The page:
After my Prasad Kutir experience I know next time to bring some solid, clean, second hand clothes from the West, preferably slightly stained, and then spend the rest of my allotted Bholenath money in consultation with Swami Satsangi (overseeing distributions) in Deoghar or Jasidih. This year we constantly ran out of sarees and toys, and were forever on the lookout for people wondering what to donate.

The villagers themselves were delightful. We would arrive in our blue truck, a motley crew of people from all over the world, frequently raucously singing kirtan. Unperturbed, the villagers would gather around, the women usually separate, the children in the front smiling brightly, often wearing Alakh Bara jumpers from last year. I have a mental photograph of a father sitting amongst the children with his very little daughter sitting on his shoulder, hugging his head. We first sang a kirtan together and then the head of each family came up to collect a bundle, a cooking pot, some bangles and a toy for the children. Sometimes an ancient widow or grandfather would come for a large and heavy bundle, and one of the larger kids would automatically come up and carry it for them. It was most impressive seeing these families in action.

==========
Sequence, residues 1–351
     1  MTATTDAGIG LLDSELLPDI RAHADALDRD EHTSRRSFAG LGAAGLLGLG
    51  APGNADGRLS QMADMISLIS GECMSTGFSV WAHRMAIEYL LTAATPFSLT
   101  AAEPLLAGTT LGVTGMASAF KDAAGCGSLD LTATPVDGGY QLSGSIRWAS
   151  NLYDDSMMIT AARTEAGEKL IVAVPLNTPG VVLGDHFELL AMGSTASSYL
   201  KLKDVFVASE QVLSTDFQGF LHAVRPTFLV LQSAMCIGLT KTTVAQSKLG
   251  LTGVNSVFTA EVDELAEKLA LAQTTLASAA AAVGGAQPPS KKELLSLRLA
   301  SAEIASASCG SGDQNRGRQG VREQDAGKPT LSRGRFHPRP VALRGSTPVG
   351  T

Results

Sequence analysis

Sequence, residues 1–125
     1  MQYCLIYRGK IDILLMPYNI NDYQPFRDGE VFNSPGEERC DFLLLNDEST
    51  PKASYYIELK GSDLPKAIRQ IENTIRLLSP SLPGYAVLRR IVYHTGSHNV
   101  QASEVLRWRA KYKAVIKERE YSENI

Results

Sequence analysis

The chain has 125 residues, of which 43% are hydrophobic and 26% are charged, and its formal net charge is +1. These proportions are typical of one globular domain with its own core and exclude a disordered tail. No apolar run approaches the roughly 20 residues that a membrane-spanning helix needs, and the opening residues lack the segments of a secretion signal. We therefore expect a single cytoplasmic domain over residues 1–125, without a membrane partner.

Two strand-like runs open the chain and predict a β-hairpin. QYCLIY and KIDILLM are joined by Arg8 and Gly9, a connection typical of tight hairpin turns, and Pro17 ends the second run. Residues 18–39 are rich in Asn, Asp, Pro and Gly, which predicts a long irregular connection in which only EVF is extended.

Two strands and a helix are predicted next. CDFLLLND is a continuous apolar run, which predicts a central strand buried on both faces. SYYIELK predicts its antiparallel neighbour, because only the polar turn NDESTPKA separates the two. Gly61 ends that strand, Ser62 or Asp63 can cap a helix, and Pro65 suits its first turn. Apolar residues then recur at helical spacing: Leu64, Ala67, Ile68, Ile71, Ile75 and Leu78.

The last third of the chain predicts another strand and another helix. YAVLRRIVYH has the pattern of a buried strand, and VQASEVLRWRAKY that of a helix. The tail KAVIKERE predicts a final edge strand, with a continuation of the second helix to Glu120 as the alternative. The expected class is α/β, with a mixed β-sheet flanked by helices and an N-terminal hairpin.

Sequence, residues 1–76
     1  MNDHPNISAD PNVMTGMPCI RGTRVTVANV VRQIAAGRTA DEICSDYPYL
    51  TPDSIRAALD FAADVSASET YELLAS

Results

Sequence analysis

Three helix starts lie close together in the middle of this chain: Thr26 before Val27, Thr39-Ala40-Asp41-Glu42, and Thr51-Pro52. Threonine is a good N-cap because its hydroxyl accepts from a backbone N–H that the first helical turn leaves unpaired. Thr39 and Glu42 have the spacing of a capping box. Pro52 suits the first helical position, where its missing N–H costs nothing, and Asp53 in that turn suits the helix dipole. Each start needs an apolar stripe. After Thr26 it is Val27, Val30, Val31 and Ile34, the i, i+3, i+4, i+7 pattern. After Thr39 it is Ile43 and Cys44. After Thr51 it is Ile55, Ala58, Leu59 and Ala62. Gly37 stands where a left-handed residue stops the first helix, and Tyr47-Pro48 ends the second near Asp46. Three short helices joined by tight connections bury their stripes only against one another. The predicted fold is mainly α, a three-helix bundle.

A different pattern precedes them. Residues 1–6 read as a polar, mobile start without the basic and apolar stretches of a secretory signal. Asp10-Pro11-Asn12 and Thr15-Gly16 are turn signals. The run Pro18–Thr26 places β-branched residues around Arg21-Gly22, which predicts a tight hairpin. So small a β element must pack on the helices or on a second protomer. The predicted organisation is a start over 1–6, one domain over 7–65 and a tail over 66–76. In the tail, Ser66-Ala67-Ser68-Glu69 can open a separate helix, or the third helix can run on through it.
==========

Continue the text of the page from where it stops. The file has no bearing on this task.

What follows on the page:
Watching the children with the toys was very moving. The younger ones were often quite perplexed by them, sometimes to the point of bursting into tears. Others couldn't believe their good fortune and their jaws literally dropped with astonishment as the toy was placed into their hands. Driving out of one village I saw the children running through the bundle bearing adults jumping up to catch balls, waving dolls in the air, and scooting off at angles to chase after errant toy cars. Along with goats and oxen it was a perfect rural scene and I thought of Vivaldi and Pachabel's Canon.

The linchpin of all the experiences I had during Ram Naam Aradhana was Paramahamsaji. Without ever leaving the Alakh Bara, he was intimately involved with the work being done in the villages. Paramahamsaji's approach to 'helping his neighbours' is so impressive and once again we have been presented with every reason to respect and admire him.